will be administered to prevent postoperative nausea and vomiting. Subject will be evaluated
for pain in the OR after extubation, using a numeric rating scale, if pain greater than 4/10
they will receive hydromorphone (10 mcg/kg IV). In PACU, subjects will receive IV
hydromorphone in divided doses as needed to achieve a verbal rating score for pain <4 out of
10 and they will be evaluated every 15 minutes .They will also receive metoclopramide (20 mg
IV ) as rescue antiemetic in PACU. Discharge readiness will be assessed by a PACU nurse
using the modified Post Anesthesia Discharge Scoring System (MPADSS) score every 15 minutes
for about 3 hours or until ready for discharge. The primary and secondary outcomes will be
assessed by an independent observer who will be blinded to group allocation (GDO,CA, AP, SA,
RJM and PF). Study personnel will contact the subject at 24 hours to assess well being,
(nausea, vomiting and opioid consumption. Subject will be contacted by telephone by the
study staff and will complete the MQOR (modified quality of recovery 40 question survey) at
24 hours post surgery.
Minimum age: 18 Years.
Maximum age: 64 Years.
- Female patients undergoing outpatient laparoscopic gynecologic surgery
- ASA PS I and II
- Age between 18 and 64 years
- Fluent in English
- BMI less than 35
- History of allergy to local anesthetics
- History of chronic opioid use
- Pregnant patients
- BMI greater than 35
- History of EKG abnormalities
- Hepatic Impairment
- History of congestive heart failure
- EKG abnormalities
- History of heart block (subject with history of heart block
- Current use of anti-arrhythmic medications
Drop - Outs:
- Patient or surgeon request
- Conversion of the surgery from laparoscopic to open
Locations and Contacts
Gildasio De Oliveira, MD, Phone: 312-926-8373, Email: email@example.com
Prentice Womens Hospital, Chicago, Illinois 60611, United States; Recruiting
Gildasio DeOliveira, MD, Phone: 312-926-8373, Email: firstname.lastname@example.org
Gildasio De Oliveira, MD, Principal Investigator
Lovatsis D, José JB, Tufman A, Drutz HP, Murphy K. Assessment of patient satisfaction with postoperative pain management after ambulatory gynaecologic laparoscopy. J Obstet Gynaecol Can. 2007 Aug;29(8):664-7.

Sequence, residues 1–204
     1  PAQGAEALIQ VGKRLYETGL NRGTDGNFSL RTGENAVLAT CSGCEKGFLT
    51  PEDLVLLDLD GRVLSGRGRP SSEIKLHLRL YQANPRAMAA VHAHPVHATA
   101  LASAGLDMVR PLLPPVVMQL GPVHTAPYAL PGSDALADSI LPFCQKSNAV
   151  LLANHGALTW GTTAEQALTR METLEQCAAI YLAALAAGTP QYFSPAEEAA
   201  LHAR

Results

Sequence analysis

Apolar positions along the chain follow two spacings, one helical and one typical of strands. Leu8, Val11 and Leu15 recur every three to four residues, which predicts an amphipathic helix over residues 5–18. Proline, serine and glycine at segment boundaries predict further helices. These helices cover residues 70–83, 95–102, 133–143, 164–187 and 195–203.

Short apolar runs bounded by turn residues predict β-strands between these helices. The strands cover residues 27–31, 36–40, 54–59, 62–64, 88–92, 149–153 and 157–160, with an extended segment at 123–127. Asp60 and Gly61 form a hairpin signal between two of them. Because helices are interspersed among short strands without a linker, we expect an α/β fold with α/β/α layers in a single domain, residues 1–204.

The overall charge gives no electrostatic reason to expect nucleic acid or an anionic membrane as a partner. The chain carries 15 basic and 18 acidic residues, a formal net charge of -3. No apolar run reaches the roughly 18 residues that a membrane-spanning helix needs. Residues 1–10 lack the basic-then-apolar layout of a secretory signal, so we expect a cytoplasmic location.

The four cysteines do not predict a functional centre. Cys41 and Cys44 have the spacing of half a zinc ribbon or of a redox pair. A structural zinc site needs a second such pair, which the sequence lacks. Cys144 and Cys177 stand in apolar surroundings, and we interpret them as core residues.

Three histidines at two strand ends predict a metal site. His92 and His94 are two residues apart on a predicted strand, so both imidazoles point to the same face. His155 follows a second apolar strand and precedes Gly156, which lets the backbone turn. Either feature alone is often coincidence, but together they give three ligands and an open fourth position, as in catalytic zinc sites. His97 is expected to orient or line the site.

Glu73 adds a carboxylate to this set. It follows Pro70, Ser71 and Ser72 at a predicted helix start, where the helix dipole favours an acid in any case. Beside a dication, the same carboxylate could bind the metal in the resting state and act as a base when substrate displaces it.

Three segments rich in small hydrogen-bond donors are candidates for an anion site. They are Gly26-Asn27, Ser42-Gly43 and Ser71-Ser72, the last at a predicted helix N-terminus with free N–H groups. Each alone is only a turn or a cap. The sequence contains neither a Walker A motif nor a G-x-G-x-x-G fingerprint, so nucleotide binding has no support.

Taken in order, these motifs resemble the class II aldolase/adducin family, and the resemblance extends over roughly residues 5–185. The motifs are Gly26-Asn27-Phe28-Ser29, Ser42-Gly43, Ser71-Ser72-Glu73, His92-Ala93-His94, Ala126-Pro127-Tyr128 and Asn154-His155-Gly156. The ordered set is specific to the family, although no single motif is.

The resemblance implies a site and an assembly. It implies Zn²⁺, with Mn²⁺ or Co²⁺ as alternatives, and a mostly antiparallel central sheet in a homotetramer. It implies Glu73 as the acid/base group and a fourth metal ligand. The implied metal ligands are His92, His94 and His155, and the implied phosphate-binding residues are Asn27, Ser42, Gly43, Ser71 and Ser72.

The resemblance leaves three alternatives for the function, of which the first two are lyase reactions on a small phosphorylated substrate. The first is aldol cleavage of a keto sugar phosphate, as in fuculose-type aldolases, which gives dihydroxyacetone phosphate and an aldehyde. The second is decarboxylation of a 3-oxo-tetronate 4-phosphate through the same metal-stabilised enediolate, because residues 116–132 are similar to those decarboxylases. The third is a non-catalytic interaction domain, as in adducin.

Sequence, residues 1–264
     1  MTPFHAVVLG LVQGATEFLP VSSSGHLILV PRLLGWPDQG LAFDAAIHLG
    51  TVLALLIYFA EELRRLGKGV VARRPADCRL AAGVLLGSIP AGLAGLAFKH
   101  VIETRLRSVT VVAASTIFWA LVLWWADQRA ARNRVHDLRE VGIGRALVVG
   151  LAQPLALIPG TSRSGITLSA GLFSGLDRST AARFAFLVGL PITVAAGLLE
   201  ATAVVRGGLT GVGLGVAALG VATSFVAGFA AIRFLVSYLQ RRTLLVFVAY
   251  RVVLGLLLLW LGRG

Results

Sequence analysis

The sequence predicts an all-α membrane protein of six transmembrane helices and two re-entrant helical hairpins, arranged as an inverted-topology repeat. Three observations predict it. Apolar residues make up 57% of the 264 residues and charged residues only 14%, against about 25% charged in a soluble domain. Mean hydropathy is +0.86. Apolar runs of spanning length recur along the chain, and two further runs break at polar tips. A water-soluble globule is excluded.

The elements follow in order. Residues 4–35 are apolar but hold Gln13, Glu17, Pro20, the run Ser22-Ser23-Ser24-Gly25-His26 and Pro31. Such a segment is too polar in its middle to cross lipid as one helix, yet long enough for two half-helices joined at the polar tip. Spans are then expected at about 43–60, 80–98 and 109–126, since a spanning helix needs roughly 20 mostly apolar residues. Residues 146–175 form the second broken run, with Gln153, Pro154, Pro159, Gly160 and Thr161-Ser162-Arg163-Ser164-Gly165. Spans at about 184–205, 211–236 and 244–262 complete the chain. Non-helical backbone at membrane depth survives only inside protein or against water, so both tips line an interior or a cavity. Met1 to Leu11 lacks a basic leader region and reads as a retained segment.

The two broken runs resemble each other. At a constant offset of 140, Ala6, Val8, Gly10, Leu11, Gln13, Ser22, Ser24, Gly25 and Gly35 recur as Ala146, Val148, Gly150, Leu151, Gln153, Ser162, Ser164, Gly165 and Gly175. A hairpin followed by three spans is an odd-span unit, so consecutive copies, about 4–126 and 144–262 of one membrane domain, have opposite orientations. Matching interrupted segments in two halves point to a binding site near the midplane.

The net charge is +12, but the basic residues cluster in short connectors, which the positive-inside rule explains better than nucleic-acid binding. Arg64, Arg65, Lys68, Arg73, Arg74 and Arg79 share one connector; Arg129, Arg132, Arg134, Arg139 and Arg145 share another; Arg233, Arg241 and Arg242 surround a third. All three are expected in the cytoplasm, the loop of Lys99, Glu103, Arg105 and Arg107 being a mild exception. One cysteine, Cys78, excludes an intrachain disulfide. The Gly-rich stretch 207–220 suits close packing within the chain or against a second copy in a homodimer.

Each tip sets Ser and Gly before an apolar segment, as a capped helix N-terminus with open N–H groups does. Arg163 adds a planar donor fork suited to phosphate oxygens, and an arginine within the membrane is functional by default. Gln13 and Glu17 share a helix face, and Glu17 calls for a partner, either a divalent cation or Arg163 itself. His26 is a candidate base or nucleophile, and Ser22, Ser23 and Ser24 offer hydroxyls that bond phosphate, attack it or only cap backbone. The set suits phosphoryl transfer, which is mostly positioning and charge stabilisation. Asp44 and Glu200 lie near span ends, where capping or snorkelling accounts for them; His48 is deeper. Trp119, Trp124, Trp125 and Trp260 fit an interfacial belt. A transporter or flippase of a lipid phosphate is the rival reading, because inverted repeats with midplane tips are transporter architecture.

Kehlet H, Holte K. Effect of postoperative analgesia on surgical outcome. Br J Anaesth. 2001 Jul;87(1):62-72. Review. No abstract available.
McKay A, Gottschalk A, Ploppa A, Durieux ME, Groves DS. Systemic lidocaine decreased the perioperative opioid analgesic requirements but failed to reduce discharge time after ambulatory surgery. Anesth Analg. 2009 Dec;109(6):1805-8.
White PF. The changing role of non-opioid analgesic techniques in the management of postoperative pain. Anesth Analg. 2005 Nov;101(5 Suppl):S5-22. Review.
Koppert W, Weigand M, Neumann F, Sittl R, Schuettler J, Schmelz M, Hering W. Perioperative intravenous lidocaine has preventive effects on postoperative pain and morphine consumption after major abdominal surgery. Anesth Analg. 2004 Apr;98(4):1050-5, table of contents.
Groudine SB, Fisher HA, Kaufman RP Jr, Patel MK, Wilkins LJ, Mehta SA, Lumb PD. Intravenous lidocaine speeds the return of bowel function, decreases postoperative pain, and shortens hospital stay in patients undergoing radical retropubic prostatectomy. Anesth Analg. 1998 Feb;86(2):235-9.
Kaba A, Laurent SR, Detroz BJ, Sessler DI, Durieux ME, Lamy ML, Joris JL. Intravenous lidocaine infusion facilitates acute rehabilitation after laparoscopic colectomy. Anesthesiology. 2007 Jan;106(1):11-8; discussion 5-6.
Marret E, Rolin M, Beaussier M, Bonnet F. Meta-analysis of intravenous lidocaine and postoperative recovery after abdominal surgery. Br J Surg. 2008 Nov;95(11):1331-8. Review.
Gill TM, Feinstein AR. A critical appraisal of the quality of quality-of-life measurements. JAMA. 1994 Aug 24-31;272(8):619-26.
Guyatt GH, Cook DJ. Health status, quality of life, and the individual. JAMA. 1994 Aug 24-31;272(8):630-1. No abstract available.
Watcha MF, Issioui T, Klein KW, White PF. Costs and effectiveness of rofecoxib, celecoxib, and acetaminophen for preventing pain after ambulatory otolaryngologic surgery. Anesth Analg. 2003 Apr;96(4):987-94, table of contents.
Myles PS, Hunt JO, Nightingale CE, Fletcher H, Beh T, Tanil D, Nagy A, Rubinstein A, Ponsford JL. Development and psychometric testing of a quality of recovery score after general anesthesia and surgery in adults. Anesth Analg. 1999 Jan;88(1):83-90.
Myles PS, Weitkamp B, Jones K, Melick J, Hensen S. Validity and reliability of a postoperative quality of recovery score: the QoR-40. Br J Anaesth. 2000 Jan;84(1):11-5.
Starting date: November 2010
Last updated: October 11, 2011